Wastewater is the water that comes from homes and businesses through sewer lines or after a septic tank is pumped. It’s the water from toilet flushes, showers, washing machines, sinks, and dishwashers. As wastewater is filled with fecal matter, urine, household or commercial cleaners, soaps/shampoos, etc., it has to be treated before it can return to water sources or public water supplies.
While this is something wastewater treatment plants do every hour of the day, there are things that homeowners may not think of. Wastewater treatment can only do so much. Three items come from homes and businesses that are very difficult to fully remove from water.
#1 – Pharmaceuticals and Personal Care Products (PPCPs)
Both prescription and over-the-counter medications and supplements are wreaking havoc on wastewater. Even if people dispose of their unused medications correctly, some of those medications make their way into the urine stream. That urine ends up in a water treatment plant where the medications do not fully get removed. One study found that antibiotics and synthetic hormones (birth control) were being found in water sources and the fish living in those rivers and lakes.
It’s found that a secondary wastewater treatment process is still only able to remove a maximum of 95% of the estrogen. Antibacterial soaps that contain triclocarban are even worse. Scientists found that only 25% of the triclocarban in wastewater was removed by the end of the process. Not only are these drugs and chemicals ending up in bodies of water, but there is also the chance that trace amounts are in the water that goes back to homes and businesses. There are concerns that this may increase antibiotic resistance.
Many water treatment plants do not have the equipment needed to test for PPCPs. While scientists say trace amounts are not likely to pose a health risk, there still are questions regarding how to make sure a wastewater treatment plant removes as many PPCPs as possible. Systems with filtration and biological treatments are the best way to remove PPCPs. Older wastewater treatment plants could upgrade to help remove as many drugs and chemicals as possible.
#2 – Nitrites and Nitrates
Nitrates are used as a food additive in many cured meats. People consume them regularly in deli meats, bacon, sausage, and hot dogs. As the body’s bacteria break down those foods, they convert to nitrite. Nitrites are incredibly harmful to bodies of water as they deplete oxygen and increase algae growth.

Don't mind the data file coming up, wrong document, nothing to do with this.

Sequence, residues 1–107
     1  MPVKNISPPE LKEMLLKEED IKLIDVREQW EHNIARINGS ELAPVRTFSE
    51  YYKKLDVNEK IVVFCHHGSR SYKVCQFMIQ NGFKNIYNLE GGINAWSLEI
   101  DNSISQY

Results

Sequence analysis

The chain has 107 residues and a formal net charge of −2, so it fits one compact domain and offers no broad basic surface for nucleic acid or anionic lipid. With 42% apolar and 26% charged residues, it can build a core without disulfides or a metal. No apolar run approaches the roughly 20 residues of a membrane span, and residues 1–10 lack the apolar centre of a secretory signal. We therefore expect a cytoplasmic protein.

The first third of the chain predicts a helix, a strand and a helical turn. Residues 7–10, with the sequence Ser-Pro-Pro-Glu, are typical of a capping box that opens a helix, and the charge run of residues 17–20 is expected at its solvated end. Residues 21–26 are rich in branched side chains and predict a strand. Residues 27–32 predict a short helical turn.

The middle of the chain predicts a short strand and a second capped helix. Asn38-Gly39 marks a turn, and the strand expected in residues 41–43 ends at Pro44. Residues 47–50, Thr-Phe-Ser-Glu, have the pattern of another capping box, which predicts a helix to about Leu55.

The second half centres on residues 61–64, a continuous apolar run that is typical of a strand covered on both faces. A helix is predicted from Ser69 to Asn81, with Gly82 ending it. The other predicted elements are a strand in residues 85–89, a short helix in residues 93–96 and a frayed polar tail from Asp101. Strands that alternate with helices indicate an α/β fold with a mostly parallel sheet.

A wastewater treatment plant has to remove ammonia from the water it’s treating. Do do this, autotrophic ammonia-oxidizing bacteria help oxidize the ammonia, which leads to nitrite. The nitrite is then oxidized using nitrite-oxidizing bacteria, which turns it into nitrogen gas. It all takes energy to run the machines needed to complete the process. At that point, sludge is removed. There’s another process that uses anaerobic ammonia oxidation that cuts out a step. It’s effective and energy-efficient and by the end of it, only a small percentage of that ammonia has been converted to nitrate that gets converted to nitrogen gas.
#3 – Polyethylene and Polypropylene Microbeads
As early as 1972, plastic microbeads started popping up in many products. These tiny plastic beads gained popularity in facial scrubs, body washes, and other products used to buff away dead skin. They were even added to some toothpaste brands. As they are plastic, they don’t break down. The tiny particles of plastic get through water treatment and often end up in large bodies of water where fish and other aquatic creatures ingest or breathe them in. For this reason, the U.S. Government banned plastic microbeads starting in 2017. Manufacturers had to stop using plastic microbeads in their products from that point on.
Despite the ban, people were still able to buy the products containing polyethylene and polypropylene microbeads from retailers and discounters who still had the products in their warehouses. Not everyone understands the danger these plastic pellets pose to the environment. They’re still using them, which means those pellets that can be a fraction of a millimeter in size ends up in a water treatment plant. Wastewater treatment plants that use primary clarification have better success rates at removing microbeads, but the removal rate is still only an average of 87%. Some microplastics still get through.
Let Lakeside Equipment help you upgrade or install a wastewater treatment system that does as much as possible to remove these three difficult contaminants from the water you treat. Our wastewater treatment systems are designed for efficiency and automation. We’re happy to help you with everything you need from screening and trash rakes to grit collection and clarification. Give us a call and let us help you design cost-effective solutions.